Business license: Any business needs a business license to operate, especially if income is generated from it. You can visit the U.S. Small Business Administration website to learn more.
Vehicle license: Your food truck will need to be licensed, and any employee driving the truck will need a valid driver's license. In some states, a commercial driver's license may be required.
Seller's permit: Also called a state tax ID or resale certificate, a seller's permit is required in some states and allows you to sell products or provide services within the relevant state.
Food handlers permit: Also called a food worker card, a food handlers permit is required in some states, and forms part of the health and safety training to ensure that food is handled correctly.
Health department permit: Your health department must approve the health and safety standards of your truck to verify that your food storage and preparation is hygienic.
Fire safety certificate: The fire department must ensure that you and your staff are educated about fire safety and suppression methods, due to the susceptibility of a fire beginning with cooking equipment.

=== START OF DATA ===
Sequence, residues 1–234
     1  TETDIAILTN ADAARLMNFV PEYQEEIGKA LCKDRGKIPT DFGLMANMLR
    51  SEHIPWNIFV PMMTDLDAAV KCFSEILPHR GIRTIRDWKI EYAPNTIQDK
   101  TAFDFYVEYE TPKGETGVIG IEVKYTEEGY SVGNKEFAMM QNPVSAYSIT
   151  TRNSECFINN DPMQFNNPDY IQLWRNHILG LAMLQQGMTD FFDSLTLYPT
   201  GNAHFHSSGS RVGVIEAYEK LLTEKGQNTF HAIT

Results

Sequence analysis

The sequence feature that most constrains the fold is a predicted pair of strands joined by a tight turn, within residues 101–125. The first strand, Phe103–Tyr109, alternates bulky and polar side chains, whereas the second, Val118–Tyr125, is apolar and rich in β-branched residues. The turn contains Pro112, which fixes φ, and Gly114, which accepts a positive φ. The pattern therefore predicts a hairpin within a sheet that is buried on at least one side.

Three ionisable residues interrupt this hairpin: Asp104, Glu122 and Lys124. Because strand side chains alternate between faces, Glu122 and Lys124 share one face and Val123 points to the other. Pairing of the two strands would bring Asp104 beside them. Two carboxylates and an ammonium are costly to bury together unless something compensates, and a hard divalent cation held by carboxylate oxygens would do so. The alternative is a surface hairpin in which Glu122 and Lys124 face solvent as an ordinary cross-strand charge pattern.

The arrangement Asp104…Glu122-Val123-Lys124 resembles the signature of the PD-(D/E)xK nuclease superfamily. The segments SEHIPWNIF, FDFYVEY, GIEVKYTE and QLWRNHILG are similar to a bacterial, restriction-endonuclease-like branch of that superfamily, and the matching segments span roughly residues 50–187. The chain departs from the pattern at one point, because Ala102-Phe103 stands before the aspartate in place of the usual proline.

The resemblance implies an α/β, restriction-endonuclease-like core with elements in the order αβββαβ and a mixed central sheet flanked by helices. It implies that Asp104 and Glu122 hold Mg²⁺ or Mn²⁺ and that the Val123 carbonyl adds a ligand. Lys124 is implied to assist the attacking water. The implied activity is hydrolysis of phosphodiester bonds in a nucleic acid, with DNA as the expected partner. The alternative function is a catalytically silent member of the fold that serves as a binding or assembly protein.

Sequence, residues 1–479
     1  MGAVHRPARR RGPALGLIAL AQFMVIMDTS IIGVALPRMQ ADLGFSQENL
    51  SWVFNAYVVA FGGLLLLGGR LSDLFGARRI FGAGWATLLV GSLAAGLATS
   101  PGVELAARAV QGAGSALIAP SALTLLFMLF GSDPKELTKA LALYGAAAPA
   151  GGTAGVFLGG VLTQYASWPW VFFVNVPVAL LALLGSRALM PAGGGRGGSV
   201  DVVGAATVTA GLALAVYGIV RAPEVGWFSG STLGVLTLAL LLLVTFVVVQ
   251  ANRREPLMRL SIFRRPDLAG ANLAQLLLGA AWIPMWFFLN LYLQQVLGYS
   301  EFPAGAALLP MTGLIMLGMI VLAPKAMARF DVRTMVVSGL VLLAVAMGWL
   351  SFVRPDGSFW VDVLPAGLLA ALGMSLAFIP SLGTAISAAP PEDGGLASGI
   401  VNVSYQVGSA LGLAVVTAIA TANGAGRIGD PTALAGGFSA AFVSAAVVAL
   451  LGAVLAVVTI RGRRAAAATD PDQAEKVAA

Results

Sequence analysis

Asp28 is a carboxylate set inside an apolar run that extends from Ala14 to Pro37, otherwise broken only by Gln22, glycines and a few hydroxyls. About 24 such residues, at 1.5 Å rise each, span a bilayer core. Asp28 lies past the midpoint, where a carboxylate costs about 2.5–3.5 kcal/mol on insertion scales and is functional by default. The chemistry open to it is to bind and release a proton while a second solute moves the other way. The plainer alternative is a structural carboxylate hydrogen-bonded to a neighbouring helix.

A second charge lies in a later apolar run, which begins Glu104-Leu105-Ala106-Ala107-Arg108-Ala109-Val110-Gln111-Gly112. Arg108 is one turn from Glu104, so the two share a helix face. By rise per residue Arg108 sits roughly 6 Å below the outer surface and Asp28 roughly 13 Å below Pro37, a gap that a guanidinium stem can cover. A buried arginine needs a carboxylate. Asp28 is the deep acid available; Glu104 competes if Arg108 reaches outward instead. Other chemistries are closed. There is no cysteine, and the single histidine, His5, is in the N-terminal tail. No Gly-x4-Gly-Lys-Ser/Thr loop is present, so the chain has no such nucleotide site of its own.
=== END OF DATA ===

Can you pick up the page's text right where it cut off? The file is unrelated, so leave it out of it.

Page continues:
Parking permit: Many areas have zoning laws that prohibit certain vehicles from parking in them. There are also restrictions on how long a vehicle may be parked in a location. It is advisable that you contact your county clerk for information about where to legally park and operate your food truck.
Ensure that injuries and accidents are covered so that you, your workers, customers, and food truck are protected.
Consider purchasing the following types of insurance:
- Business owner's policy (general liability and commercial property).
- Workers' compensation insurance.
- General liability insurance.
- Commercial auto insurance.
- Liquor liability insurance.
Before signing up with an insurance company, compare quotes and consult an independent insurance agent.
To save money, take out multiple insurance policies with the same provider and bundle them.
Staff your food truck.
When you're just starting out, you may be able to perform most tasks on your food truck alone, but as your business grows, you may need to employ more workers.
Write enticing job descriptions and post them on job sites like Indeed, local job boards, and social media.
Some positions you may need to fill include:
- Short order cook.
- Kitchen workers.
- Service window attendants.
A food truck is a small environment to work in, so make sure the people you employ are respectful of boundaries and that they cope well in confined spaces.
The chefs and cooks you hire will presumably know their way around a kitchen, but it is important to train all your staff so they're familiar with workplace safety and the general rules of the food truck.
Front of house staff should be well-versed in customer service and know how to work point of sale (POS) systems and cash registers.
Market your business.
Create a website or blog.